Prix Nobel de littérature 1982, l'écrivain Gabriel García Márquez, né à Aracataca (Colombie) en 1927, s'est affirmé dès 1967 comme l'un des maîtres du roman contemporain avec le succès de Cent ans de solitude. Principales œuvres traduites en français : L'Amour aux temps du choléra (Grasset, 1987), Chronique d'une mort annoncée (Grasset, 1981), L'Automne du patriarche (Grasset, 1977), Les funérailles de la Grande Mémé (Grasset, 1977), Cent Ans de solitude (Seuil, 1968).
Gabriel García Márquez: Le metier d'écrivain (Entretien)
Le célèbre romancier colombien Gabriel García Márquez, un des maîtres de la littérature moderne, prix Nobel de littérature (1982), précise pour le Courrier son rapport avec la création et la conception qu'il se fait du métier d'écrivain. Il s'entretient ici avec Bahgat Elnadi, Adel Rifaat et Miguel Labarca.
Is it possible to protect culture?
The major question that governments and people interested in culture should ask is what kind of protection the state can offer to culture without interfering in it and manipulating it or, most important of all, without making it subservient to the government's political philosophy. The trouble with culture ministries in Latin America is their subordination to the vicissitudes of national politics. A cabinet crisis has repercussions on cultural activity. Power struggles within the government result in the appointment of a culture minister who has no interest in culture or is opposed to the previous minister's policies. Consequently culture depends on a series of comings and goings that have nothing to do with culture but everything to do with politics, and worst of all, with partisan politics.
Culture should be helped by establishing the conditions in which it can develop freely. But in practice this creates big problems. It's impossible to pre¬ dict the workings of creativity or to plan anything creative. What's more, how can you do anything about culture without defining what you mean by culture?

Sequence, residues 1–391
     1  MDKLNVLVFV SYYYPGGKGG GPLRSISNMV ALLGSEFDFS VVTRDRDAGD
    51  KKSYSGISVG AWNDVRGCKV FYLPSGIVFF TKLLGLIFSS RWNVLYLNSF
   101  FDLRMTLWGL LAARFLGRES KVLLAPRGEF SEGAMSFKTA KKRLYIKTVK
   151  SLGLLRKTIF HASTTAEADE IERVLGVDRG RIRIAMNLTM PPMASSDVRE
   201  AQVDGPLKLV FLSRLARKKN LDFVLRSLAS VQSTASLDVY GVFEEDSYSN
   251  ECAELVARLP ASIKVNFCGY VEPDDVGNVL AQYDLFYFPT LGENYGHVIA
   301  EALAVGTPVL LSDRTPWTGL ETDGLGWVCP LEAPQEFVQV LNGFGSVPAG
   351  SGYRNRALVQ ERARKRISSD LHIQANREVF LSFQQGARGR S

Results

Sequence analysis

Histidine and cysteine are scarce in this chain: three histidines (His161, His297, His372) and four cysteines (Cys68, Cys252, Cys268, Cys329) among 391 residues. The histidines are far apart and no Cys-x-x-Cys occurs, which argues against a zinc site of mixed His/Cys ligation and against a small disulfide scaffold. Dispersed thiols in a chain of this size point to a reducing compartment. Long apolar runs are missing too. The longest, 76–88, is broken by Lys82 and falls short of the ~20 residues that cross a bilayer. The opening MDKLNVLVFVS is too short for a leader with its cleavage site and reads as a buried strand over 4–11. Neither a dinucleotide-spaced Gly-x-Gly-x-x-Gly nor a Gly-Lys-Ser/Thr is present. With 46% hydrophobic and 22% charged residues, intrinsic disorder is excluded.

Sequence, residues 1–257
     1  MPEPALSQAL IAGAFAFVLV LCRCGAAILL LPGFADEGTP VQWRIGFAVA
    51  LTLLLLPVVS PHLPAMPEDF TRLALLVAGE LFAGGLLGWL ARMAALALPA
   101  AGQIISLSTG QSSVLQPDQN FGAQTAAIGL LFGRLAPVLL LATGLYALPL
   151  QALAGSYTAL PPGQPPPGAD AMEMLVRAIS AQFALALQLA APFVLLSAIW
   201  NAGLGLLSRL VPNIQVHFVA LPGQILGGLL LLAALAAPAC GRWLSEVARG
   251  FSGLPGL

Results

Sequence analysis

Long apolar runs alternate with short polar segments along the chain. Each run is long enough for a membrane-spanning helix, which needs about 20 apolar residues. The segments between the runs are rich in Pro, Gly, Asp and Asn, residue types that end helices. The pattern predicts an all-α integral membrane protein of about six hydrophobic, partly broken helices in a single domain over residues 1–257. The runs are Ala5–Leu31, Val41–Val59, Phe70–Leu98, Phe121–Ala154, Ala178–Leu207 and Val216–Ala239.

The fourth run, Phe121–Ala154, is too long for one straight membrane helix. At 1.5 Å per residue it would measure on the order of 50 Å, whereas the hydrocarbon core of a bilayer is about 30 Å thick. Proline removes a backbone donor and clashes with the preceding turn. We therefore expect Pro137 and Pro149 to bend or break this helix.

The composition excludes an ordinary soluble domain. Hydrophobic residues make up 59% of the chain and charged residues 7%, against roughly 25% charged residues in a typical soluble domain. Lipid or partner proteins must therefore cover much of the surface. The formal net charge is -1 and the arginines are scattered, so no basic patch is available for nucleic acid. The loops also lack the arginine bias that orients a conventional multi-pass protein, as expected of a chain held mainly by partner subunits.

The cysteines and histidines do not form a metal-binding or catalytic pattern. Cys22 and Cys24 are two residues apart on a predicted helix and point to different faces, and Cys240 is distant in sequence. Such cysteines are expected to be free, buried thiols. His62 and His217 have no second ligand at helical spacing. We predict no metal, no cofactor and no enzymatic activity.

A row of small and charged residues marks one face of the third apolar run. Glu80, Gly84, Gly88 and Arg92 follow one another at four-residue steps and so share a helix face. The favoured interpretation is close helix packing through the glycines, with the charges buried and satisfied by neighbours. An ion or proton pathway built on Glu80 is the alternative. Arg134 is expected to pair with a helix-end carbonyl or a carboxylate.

According to UNESCO, culture is what people add to nature, everything that is produced specifically by human beings. I believe that culture is the social use of human intelligence. Deep down we all know what the term "culture" means, but we have a hard time summing it up in a few words. Culture may be – I think it was France's former Minister of Culture, Jack Lang, who said this all kinds of things – cooking, a way of being, of makinglovc, of living, and mixed up in all this, the arts. Every act has cultural overtones. The danger is that the wider the concept of culture, the harder it is to know how to protect it.
Can culture be taught?
At the moment I'm wondering how the arts, literature, journalism (which, to my mind, is a form of literature) and the cinema (which is most certainly an art) should be taught. Education of this kind must be a one-off, it must be informal.
At the cinema school in San Antonio de Los Baños in Cuba I have a workshop called "How to tell a story", where I sit a maximum of about a dozen young men with scenario experience round a table. We try to see if it is possible to create stories collectively, to see if the miracle of creation is possible round a table. Sometimes we've brought it off. I start off by asking one of them about the most recent film he's seen. "Tell me what it's about," I say. Some of them know how to tell a story, others don't. One might answer, "It's the story of a country girl faced with the contradictions of modern city life." Then his neighbour will say, "A country girl is bored with her family, so one day she hops onto the first bus that goes by. She runs off with the driver and meets..." And he starts to tell the girl's story episode by episode.
The first young man is gifted, but he'll never know how to tell a story. He hasn't been born with the gift of storytelling. The other fellow, who knows how to tell a story, still has a long way to go before becoming a writer; he's got to acquire the technique and something that's extremely important basic culture. I cannot imagine how anyone could even think of writing a novel without having at least a vague idea of the ten thousand years of literature that have gone before, if only to know his or her own standpoint. And then the writer must settle down to a daily routine of work because inspiration doesn't fall from the sky. You have to work at every word, every day of the week.
Writing is a craft, a difficult craft that requires a lot of concentration and discipline, as do painting and composing. By working at it, someone who knows how to tell a story will become a writer; someone else, however hard he or she works, will never make it. It's the same with music. If you teach your children a melody, some will be able to repeat it exactly; others will never learn.
Do you regard yourself as an intellectual?